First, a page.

Use this alphabetical index to find books that have been reviewed for the Harried Parent's Book Club.
Bottom Line: The title of Saving Ben suggests that this will be a triumphant recovery story, and it tries hard to be, but life keeps getting in the way of miraculous intervention. The many cures proposed for autism are hard, life-consuming work, and have little regard for the fact that parents have jobs and relationships and their own demons to fight. Though Ben does improve with time and, perhaps, some help from all his therapies, in the end it's more a story of a father's tranformation than a child's.
Bottom Line: Little Schuyler may be wordless, but that should never be confused with an inability to communicate. Just by the evidence of the delightful picture on the cover, this girl's spirit speaks pretty loudly, and whether she's laughing at her dad or growling at a playground bully, she makes herself heard. Her parents' effort to get the right diagnosis and the right communication technology form the basis of this sometimes moving, sometimes snarky memoir.
Bottom Line: Seeing a child have a seizure can be one of the scariest experiences a parent can have. The authors of this informative, panic-free book want you to calm down, take a deep breath, and realize the world has not come to an end. It's an empowering message.
Bottom Line: None of these stories are specifically success stories, and some of them aren't exactly hopeful, but all show the sometimes elaborate ways that adults with autism find to cope with the world.
Bottom Line: What's Sensory Processing Disorder? It's what we're calling Sensory Integration Disorder now. Or Sensory Integration Dysfunction. Or Dysfunction of Sensory Integration. Whatever. Now? It's SPD. And here's the book to explain it all for you. Annoyance at label-changing aside, it's a pretty great read.
Bottom Line: How do you convince a family member or an educator that your child's Sensory Integration Dysfunction needs to be respected and worked around when you yourself can't quite spell out the hows and the whys? Here's one good way: Read these helpful, attractive booklets, then pass 'em out. They explain the basics -- the very basics -- of SI in a professional, easy to understand manner that is convincing and reasonable. There are checklists for identifying problems, explanations of assessment and therapy, and tips of useful things parents and teachers can do on their own.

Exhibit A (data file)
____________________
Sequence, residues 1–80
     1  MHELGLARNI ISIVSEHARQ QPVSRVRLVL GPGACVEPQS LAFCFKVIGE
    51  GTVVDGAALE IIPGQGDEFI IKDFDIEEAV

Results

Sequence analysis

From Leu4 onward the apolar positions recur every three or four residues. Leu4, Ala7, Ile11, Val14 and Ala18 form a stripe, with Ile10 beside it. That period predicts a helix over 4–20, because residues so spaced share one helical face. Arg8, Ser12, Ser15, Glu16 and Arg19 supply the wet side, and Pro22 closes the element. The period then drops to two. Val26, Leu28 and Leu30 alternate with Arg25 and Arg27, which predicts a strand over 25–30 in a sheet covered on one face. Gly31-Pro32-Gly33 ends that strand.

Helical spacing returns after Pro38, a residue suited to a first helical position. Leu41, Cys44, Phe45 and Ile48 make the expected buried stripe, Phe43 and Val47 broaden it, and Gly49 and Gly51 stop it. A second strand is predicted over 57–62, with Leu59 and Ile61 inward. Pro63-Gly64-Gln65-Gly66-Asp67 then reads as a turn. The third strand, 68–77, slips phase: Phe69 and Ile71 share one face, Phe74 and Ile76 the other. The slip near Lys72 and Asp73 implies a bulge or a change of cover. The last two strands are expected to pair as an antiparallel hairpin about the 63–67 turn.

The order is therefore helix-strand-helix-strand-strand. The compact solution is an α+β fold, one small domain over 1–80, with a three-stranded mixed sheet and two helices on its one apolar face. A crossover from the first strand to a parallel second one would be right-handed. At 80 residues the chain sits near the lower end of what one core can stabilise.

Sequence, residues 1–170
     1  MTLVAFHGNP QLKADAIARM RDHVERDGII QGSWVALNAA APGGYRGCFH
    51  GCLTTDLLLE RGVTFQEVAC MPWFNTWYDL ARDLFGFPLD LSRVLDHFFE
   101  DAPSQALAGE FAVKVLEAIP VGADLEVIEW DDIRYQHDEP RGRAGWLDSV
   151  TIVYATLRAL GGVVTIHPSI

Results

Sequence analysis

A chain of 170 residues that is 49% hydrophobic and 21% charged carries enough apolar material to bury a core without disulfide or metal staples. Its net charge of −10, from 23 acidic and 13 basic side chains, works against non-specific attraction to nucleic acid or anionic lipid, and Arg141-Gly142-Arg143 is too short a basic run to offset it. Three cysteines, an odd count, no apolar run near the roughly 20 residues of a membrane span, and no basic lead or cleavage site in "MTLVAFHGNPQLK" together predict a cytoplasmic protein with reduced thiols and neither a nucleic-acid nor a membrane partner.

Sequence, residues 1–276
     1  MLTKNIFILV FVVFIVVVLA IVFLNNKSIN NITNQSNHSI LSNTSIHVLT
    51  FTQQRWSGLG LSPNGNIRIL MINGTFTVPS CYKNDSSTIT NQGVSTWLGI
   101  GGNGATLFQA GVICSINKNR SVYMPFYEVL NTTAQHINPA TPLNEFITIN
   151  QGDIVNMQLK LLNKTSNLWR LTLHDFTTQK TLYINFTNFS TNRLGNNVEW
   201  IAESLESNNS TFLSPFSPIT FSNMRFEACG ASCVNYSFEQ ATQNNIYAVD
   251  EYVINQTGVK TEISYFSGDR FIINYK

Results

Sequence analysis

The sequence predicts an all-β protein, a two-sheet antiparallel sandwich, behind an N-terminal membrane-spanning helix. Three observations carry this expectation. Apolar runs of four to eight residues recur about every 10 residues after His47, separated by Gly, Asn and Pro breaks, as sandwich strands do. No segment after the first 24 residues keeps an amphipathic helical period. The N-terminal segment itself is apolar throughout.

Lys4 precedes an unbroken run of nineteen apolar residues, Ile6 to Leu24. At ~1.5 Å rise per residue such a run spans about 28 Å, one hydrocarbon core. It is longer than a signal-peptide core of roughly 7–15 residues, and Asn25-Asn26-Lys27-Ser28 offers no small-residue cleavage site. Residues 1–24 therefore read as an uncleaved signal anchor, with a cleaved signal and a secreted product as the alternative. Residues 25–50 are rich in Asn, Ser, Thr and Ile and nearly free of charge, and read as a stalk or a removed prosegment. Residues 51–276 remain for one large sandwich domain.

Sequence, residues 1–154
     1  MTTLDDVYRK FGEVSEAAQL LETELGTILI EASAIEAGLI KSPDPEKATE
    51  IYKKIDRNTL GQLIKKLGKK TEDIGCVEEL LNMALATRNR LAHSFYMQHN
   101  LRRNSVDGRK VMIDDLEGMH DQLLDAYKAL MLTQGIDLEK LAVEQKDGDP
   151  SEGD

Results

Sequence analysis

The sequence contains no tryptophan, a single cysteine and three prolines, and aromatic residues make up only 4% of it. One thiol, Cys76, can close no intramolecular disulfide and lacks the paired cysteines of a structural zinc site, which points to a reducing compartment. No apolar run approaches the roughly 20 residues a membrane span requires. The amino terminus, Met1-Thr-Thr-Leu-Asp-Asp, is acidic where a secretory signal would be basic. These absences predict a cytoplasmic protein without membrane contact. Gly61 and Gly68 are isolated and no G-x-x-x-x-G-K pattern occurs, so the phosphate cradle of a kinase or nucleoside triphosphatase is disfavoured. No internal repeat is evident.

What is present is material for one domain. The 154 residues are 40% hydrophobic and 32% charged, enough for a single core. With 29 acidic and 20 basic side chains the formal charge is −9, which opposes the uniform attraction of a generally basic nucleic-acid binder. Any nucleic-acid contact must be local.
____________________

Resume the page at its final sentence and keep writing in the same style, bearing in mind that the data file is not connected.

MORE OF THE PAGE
Subtitle: If you've read other books on sensory integration and were left wondering about the real nitty-gritty neurology of it all, you're probably ready to read Sensory Integration and the Child. The zippy new redesign surely makes it easier to do that -- but that's not to be confused with the material actually being easy.
Bottom Line: I don't know that these are really the top 250 questions parents ask, or whether this all-question format really does service to the material. But Delaney's answers are pretty terrific, clear and understandable and genuinely useful. Because the format scatters the information about, I wouldn't recommend this as your first book on SPD, but if you already know some and want to learn more, it will probably answer questions you have, whether they're among the ones officially asked or not.
Bottom Line: Mucklow, the parent of a pre-teen with sensory issues, couldn't find any sensory-integration resources appropriate for that age group, so she went ahead and wrote one herself. It's an upbeat, friendly guide to helping the senses work together as a team, and strengthening weaker players.
Bottom Line: You may think it's not necessary to talk to your special-needs child about sex, but think again -- about that conversation, and about your conviction that your child can never have a full, satifsying adult life. This book has a lot to say on both subjects.